by Ramin Gouhari
Many at SU could see their federal subsidized loan rates double on July 1. Congress will vote on whether or not to extend the current 3.4 percent rate or double it to 6.8 percent.
In recent weeks, President Obama has been visiting campuses across America bringing attention to the issue and stirring up support for Congress to extend the current rates.
The president recently asked students at North Carolina University if they could afford to pay an additional $1,000 on top of their current debt. Though this average may be representative to four years of federal subsidized loans at an Ivy League institution, it is important to note that other students at different schools may not be affected in the same way.
With less than two months until Congress decides on the bill, an estimated seven million students from lower income families who use these federal subsidized loans are waiting to see if a compromise can be reached. The decision to extend the current rates or let them expire has Congress split along party lines.
The majority of House Democrats would like to extend the current rates whereas most Republican representatives believe the raise to be a necessary step towards balancing the federal budget. Politics aside, the gravity of this legislation could very likely affect many students at SU.
“It’s really a case-by-case issue. There are so many variables that go into how much money different students borrow and for how long.” said Barri Zimmerman, director of financial aid at SU. “From 2010 to 2011, 6,300 SU students used financial aid services. Three thousand and five of those students received federal subsidized loans.”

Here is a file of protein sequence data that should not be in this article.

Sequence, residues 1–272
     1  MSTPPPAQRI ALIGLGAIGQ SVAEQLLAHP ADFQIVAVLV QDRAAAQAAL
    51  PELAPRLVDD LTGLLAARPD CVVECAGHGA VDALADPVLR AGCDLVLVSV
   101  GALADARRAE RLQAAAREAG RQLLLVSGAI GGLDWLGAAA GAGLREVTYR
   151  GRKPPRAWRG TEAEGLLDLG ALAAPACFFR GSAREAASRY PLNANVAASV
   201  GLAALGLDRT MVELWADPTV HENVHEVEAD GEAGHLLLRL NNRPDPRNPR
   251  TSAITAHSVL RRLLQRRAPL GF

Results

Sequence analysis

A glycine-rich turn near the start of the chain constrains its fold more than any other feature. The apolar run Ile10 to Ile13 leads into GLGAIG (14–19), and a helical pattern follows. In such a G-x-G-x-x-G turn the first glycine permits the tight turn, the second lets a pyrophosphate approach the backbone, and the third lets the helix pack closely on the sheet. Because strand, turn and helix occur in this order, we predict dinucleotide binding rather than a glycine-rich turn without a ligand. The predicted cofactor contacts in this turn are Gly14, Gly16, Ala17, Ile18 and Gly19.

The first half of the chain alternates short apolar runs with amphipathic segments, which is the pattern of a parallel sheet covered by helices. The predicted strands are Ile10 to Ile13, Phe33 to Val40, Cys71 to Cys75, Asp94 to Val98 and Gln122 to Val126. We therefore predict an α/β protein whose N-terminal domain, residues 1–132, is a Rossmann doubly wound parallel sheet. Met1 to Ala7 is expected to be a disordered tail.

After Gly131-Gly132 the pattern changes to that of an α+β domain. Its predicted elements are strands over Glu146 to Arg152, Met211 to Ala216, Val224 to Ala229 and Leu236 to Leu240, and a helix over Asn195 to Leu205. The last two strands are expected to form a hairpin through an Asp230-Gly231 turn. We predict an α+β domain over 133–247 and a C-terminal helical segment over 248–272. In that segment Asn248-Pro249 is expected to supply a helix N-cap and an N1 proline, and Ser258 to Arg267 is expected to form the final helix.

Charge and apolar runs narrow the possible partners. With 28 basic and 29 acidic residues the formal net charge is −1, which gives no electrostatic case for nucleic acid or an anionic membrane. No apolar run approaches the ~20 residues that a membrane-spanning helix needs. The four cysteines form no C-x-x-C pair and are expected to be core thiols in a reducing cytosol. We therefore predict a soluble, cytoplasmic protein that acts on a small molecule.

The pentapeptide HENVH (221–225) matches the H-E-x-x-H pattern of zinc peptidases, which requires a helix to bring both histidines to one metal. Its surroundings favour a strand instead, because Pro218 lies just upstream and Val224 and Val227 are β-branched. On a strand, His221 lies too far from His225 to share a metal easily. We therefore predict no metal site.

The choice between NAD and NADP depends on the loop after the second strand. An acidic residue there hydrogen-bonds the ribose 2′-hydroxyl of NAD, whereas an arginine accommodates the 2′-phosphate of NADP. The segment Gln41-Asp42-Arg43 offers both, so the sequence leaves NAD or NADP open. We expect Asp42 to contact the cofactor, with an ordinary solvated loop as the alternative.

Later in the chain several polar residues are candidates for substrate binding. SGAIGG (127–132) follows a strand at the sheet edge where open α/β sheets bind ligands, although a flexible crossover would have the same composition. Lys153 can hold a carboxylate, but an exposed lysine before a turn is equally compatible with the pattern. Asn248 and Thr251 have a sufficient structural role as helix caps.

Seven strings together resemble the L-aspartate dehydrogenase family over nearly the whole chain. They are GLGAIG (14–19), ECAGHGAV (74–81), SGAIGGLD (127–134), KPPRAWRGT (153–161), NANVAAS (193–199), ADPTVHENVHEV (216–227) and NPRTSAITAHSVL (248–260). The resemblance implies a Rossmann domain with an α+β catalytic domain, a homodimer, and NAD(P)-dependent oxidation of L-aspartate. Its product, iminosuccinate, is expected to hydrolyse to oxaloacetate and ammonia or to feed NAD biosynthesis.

Many of these students are already swamped with other expenses, and a hike in loan rates would only add to their financial burden.
Some students who have used these loans are glad they’re close to graduation.
“I’m at the finish line so luckily it won’t be too much of a problem. If I was just starting out though, I’d be pretty furious. Part of the reason I went to SU was because it was a more affordable University.” said SU senior Shea Patrick.
Other students like SU junior Tiffany McLean will feel some of the impact from a change in rates. “If they don’t extend the current rates, it’s definitely going to add more stress. It would cost me hundreds more dollars and I’m already struggling to pay my bills now.”
National consumer debt statistics used to recognize credit card debt as the highest form of debt faced by Americans. In the last ten years, student loan debt has steadily passed credit card debt. Should Congress vote on doubling the current loan rate, this statistic would only continue to raise ultimately making college less accessible to the average high school graduate.
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